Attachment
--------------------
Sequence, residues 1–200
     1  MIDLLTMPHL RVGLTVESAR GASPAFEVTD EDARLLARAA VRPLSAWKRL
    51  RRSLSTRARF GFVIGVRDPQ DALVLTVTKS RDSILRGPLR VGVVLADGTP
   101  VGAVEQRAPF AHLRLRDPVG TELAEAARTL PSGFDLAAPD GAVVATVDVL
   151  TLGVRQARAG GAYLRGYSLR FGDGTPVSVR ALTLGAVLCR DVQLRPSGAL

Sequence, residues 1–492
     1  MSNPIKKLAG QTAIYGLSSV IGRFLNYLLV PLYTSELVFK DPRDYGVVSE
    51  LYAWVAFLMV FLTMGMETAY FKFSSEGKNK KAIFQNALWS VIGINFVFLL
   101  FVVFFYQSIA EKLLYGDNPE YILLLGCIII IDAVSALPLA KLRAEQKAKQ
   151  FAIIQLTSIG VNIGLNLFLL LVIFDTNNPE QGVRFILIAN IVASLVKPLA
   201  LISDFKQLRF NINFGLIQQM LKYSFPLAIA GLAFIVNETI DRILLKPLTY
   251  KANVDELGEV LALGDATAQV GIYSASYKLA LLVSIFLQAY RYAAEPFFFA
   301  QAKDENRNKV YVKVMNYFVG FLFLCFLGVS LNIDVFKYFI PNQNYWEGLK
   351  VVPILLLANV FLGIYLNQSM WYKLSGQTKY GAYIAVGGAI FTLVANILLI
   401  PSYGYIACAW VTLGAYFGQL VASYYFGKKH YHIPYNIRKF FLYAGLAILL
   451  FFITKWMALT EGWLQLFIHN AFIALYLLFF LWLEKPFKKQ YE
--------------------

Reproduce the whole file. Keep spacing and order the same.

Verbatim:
Sequence, residues 1–200
     1  MIDLLTMPHL RVGLTVESAR GASPAFEVTD EDARLLARAA VRPLSAWKRL
    51  RRSLSTRARF GFVIGVRDPQ DALVLTVTKS RDSILRGPLR VGVVLADGTP
   101  VGAVEQRAPF AHLRLRDPVG TELAEAARTL PSGFDLAAPD GAVVATVDVL
   151  TLGVRQARAG GAYLRGYSLR FGDGTPVSVR ALTLGAVLCR DVQLRPSGAL

Sequence, residues 1–492
     1  MSNPIKKLAG QTAIYGLSSV IGRFLNYLLV PLYTSELVFK DPRDYGVVSE
    51  LYAWVAFLMV FLTMGMETAY FKFSSEGKNK KAIFQNALWS VIGINFVFLL
   101  FVVFFYQSIA EKLLYGDNPE YILLLGCIII IDAVSALPLA KLRAEQKAKQ
   151  FAIIQLTSIG VNIGLNLFLL LVIFDTNNPE QGVRFILIAN IVASLVKPLA
   201  LISDFKQLRF NINFGLIQQM LKYSFPLAIA GLAFIVNETI DRILLKPLTY
   251  KANVDELGEV LALGDATAQV GIYSASYKLA LLVSIFLQAY RYAAEPFFFA
   301  QAKDENRNKV YVKVMNYFVG FLFLCFLGVS LNIDVFKYFI PNQNYWEGLK
   351  VVPILLLANV FLGIYLNQSM WYKLSGQTKY GAYIAVGGAI FTLVANILLI
   401  PSYGYIACAW VTLGAYFGQL VASYYFGKKH YHIPYNIRKF FLYAGLAILL
   451  FFITKWMALT EGWLQLFIHN AFIALYLLFF LWLEKPFKKQ YE